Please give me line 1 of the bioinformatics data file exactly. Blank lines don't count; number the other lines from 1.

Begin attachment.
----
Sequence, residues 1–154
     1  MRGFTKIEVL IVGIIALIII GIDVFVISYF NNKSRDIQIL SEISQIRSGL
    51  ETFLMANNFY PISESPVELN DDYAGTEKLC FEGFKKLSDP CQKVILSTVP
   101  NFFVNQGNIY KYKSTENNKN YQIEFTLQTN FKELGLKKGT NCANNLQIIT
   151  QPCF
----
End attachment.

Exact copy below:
Sequence, residues 1–154